Lately, I have been working with a number of different types of athletes and one of the most common complaints I hear about is overly tight neck muscles. This is a common complaint from athletes and non athletes alike. I see this over, and over… and over, so I began to question why.
What do all of these people have in common? How can they all have the same problem when they come from such different backgrounds? How can young athletes lack this much range of motion in their neck already? So, I hit the books and found an answer that everyone should hear!
Many athletes these days begin to specialize in a single sport with specific movement patterns at a very young age. And so the problem begins. Their sport of choice has them moving through the movement patterns specific to that sport before the children have fully grasped how to move properly in a normal, non-sport setting. This is also often happening before they have mastered the oh-so-important stabilization techniques that should take place with these movements. As a result, some of these children begin to compensate in other ways to get the stabilization they require. Rather than being taught how to be strong and stable by using their core or proper posture, they begin to take short cuts and find other ways to get the stabilization they require, setting their future selves up for some serious movement issues.
I’ve been covering a lot football of all ages over the last few months and am astonished by what the youngest kids are being taught. They are doing the same strength training drills as the older players, but they lack the bodily control and formal training in how to properly perform each drill. They end up looking like a bunch of floppy puppies trying to get through the drills with the best compensations they can come up with at 5 years old. These compensations include full push-ups with bums in the air and absolutely no core activation, sit-ups where each child is wrenching on their neck in order to get all the way up, chair holds against the wall with completely straight legs and all of their weight on their arms, and the list goes on and on. These poorly executed exercises are unable to strengthen the appropriate muscles and are encouraging poor movement patterns from the age of 5! If you are a coach of any young athlete, I implore you to please teach your athletes proper techniques and movement patterns from the start!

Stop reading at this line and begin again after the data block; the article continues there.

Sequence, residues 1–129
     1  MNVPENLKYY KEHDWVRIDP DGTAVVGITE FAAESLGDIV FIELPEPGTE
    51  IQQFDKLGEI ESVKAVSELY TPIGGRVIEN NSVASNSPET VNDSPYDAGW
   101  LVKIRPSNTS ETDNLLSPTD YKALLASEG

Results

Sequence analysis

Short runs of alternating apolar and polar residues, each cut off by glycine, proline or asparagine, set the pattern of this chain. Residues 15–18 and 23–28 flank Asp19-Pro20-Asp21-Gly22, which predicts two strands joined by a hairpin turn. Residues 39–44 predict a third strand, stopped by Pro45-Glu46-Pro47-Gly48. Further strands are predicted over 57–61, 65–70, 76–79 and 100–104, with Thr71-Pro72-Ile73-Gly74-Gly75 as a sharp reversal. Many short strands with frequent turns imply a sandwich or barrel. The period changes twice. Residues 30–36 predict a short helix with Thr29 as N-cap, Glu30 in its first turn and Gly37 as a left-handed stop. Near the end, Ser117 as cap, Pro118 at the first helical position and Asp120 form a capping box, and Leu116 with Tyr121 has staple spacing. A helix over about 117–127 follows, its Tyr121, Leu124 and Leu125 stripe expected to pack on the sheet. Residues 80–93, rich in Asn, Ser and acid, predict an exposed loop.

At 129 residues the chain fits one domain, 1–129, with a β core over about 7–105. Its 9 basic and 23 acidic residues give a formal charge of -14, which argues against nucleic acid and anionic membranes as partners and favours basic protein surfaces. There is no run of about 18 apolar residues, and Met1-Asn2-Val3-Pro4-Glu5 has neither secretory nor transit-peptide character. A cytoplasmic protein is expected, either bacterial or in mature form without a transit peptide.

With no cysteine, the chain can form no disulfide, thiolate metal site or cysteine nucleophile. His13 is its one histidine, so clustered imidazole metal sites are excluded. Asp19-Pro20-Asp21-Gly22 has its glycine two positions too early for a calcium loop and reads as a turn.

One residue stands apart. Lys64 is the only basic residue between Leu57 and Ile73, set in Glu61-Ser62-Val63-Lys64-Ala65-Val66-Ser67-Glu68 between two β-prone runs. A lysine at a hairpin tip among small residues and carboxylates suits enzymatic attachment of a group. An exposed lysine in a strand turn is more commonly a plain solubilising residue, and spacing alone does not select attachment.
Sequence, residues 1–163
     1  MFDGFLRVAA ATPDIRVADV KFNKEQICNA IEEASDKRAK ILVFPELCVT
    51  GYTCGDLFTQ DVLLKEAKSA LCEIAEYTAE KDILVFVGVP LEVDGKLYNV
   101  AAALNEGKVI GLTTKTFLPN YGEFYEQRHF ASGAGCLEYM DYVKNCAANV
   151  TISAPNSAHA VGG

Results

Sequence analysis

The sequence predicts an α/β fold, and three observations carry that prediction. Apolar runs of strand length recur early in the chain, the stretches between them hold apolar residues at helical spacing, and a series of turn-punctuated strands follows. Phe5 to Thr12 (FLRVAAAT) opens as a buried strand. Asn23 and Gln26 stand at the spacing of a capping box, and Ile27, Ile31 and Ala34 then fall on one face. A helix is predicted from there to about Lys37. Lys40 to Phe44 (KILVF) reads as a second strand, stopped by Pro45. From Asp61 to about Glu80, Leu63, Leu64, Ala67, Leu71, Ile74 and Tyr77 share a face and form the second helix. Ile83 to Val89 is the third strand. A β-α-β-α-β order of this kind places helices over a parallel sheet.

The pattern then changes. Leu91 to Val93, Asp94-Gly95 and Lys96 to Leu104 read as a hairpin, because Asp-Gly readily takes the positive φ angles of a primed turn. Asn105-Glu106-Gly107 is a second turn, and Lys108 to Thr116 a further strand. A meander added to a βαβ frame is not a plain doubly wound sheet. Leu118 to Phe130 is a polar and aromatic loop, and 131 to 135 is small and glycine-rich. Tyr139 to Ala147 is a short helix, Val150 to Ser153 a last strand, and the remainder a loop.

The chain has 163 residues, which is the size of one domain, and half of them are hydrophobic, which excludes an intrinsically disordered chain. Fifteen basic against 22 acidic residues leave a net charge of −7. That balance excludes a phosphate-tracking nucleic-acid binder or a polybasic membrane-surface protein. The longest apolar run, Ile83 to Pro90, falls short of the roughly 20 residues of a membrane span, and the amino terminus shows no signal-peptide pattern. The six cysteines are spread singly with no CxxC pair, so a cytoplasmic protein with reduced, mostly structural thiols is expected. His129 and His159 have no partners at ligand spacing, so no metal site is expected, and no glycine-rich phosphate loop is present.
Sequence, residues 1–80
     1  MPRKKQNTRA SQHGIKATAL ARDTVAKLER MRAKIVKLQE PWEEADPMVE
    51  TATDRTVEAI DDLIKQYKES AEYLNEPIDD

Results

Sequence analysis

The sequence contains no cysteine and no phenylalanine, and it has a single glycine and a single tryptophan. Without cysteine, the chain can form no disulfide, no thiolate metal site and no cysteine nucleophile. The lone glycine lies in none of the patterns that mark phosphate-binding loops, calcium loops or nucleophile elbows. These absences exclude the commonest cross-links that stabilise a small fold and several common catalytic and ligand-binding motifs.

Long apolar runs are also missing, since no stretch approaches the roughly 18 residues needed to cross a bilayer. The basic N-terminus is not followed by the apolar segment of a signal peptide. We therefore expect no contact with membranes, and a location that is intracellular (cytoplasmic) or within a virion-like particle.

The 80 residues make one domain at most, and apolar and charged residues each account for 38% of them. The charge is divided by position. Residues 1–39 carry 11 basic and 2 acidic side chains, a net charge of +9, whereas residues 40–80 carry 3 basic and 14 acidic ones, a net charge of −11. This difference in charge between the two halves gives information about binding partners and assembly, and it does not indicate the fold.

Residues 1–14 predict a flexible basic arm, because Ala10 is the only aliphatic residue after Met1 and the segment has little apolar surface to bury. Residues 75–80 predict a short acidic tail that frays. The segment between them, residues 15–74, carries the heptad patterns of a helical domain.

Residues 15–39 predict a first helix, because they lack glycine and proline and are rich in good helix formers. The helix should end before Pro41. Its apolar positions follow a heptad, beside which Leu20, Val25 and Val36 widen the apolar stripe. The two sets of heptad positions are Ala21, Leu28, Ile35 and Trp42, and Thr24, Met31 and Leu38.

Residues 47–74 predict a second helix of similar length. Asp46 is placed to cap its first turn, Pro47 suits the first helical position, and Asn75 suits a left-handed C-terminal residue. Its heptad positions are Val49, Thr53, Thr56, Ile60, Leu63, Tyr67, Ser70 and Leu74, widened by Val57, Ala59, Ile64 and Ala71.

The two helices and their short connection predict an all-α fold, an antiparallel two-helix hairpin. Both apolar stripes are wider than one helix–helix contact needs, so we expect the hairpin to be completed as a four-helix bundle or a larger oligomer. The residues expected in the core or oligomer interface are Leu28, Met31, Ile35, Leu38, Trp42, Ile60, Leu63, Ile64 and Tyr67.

Back to the problem of tight necks. Can you guess where this is going? All of these athletes have a weak core and muscle imbalances! (this may not be true for all tight necks, if your neck is bothering you, get it checked by your local Athletic Therapist!)
As mentioned in my previous post about the importance of core stabilization, it is of the utmost importance that all athletes and non athletes gain control over their core in order for everything else to function properly. With a properly stabilized spine your “mover” muscles get the chance to do their actual job–moving your body!
If you remember back to the last post, I told you the core is comprised of the transverse abdominus, multifidus, pelvic floor, and diaphragm.
Instead of these very important core muscles contracting first to stabilize their spine, these athletes have learned to first contract their necks! Can you imagine? It seems like a very inefficient way to attempt spinal stabilization.
For example, I recently assessed a runner with chronic leg tightness. When I was testing the strength of specific leg muscles, I kept noticing that her head would lift off of the pillow in an attempt to hold her leg against my pressure. She was quite clearly compensating for a weak core and since this method is quite inefficient, she was unstable and still tested weak in the muscle tests.
I am a firm believer in a whole body rehab program. If you come to me with a sore shoulder/knee/ankle/etc., you will not only be leaving with strength exercises for your injured area, but also core exercises and any other exercise I deem fit to make you a better overall athlete. In all of my clients who have actually done their homework (yes, some people don’t do it, can you believe that!?), I can notice a huge difference each week as their core strength improves. They are able to do more and get more out of each exercise, and they also begin to feel less of the random tightness in their necks/shoulders/hips/etc.
If you find that you consistently have a tight neck for no reason, maybe try working on your core strength with the exercises from the previous post. If you have neck pain though, make an appointment with your local Athletic Therapist to make sure that everything is as it should be.
As a side note:
I am also a firm believer in multi-sport upbringings for children with specialization later on. If your young child can try out a number of different sports, they can benefit in so many different ways.
Each sport has different required movement patterns and drills, which will help your son/daughter become a well rounded athlete. If they get the opportunity to run and kick a soccer ball, they can translate these skills over to rugby and football and possibly become the best kicker on the team! If they play rugby and learn how to tackle without shoulder pads and a helmet, they may use the safe tackling skills in football and save their necks/heads. If they take dance lessons, they may be able to balance better while skating and therefore move faster on the ice.
Every sport can be broken down into the same fundamental movements. It all just depends on how you focus on those movement patterns to meet the demands of the chosen sport. The more variety you have, the better options you give yourself when deciding what your next move will be.